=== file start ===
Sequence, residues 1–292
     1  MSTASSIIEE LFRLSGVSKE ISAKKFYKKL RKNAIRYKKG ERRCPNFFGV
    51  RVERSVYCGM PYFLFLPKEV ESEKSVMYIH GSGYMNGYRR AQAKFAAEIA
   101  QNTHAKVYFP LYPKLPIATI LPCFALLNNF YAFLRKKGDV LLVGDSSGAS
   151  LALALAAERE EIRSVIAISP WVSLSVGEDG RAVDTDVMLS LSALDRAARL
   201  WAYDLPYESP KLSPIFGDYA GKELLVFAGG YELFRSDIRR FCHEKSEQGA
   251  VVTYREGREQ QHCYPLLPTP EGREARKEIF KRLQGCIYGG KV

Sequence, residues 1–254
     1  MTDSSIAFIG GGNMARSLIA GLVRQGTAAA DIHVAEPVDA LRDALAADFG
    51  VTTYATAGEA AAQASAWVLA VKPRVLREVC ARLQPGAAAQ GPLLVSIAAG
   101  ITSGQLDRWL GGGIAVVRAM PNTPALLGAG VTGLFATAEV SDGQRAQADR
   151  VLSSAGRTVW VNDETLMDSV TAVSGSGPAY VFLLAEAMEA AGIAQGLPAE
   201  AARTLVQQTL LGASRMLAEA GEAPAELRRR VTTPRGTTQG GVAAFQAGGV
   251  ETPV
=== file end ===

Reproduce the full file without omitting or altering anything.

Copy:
Sequence, residues 1–292
     1  MSTASSIIEE LFRLSGVSKE ISAKKFYKKL RKNAIRYKKG ERRCPNFFGV
    51  RVERSVYCGM PYFLFLPKEV ESEKSVMYIH GSGYMNGYRR AQAKFAAEIA
   101  QNTHAKVYFP LYPKLPIATI LPCFALLNNF YAFLRKKGDV LLVGDSSGAS
   151  LALALAAERE EIRSVIAISP WVSLSVGEDG RAVDTDVMLS LSALDRAARL
   201  WAYDLPYESP KLSPIFGDYA GKELLVFAGG YELFRSDIRR FCHEKSEQGA
   251  VVTYREGREQ QHCYPLLPTP EGREARKEIF KRLQGCIYGG KV

Sequence, residues 1–254
     1  MTDSSIAFIG GGNMARSLIA GLVRQGTAAA DIHVAEPVDA LRDALAADFG
    51  VTTYATAGEA AAQASAWVLA VKPRVLREVC ARLQPGAAAQ GPLLVSIAAG
   101  ITSGQLDRWL GGGIAVVRAM PNTPALLGAG VTGLFATAEV SDGQRAQADR
   151  VLSSAGRTVW VNDETLMDSV TAVSGSGPAY VFLLAEAMEA AGIAQGLPAE
   201  AARTLVQQTL LGASRMLAEA GEAPAELRRR VTTPRGTTQG GVAAFQAGGV
   251  ETPV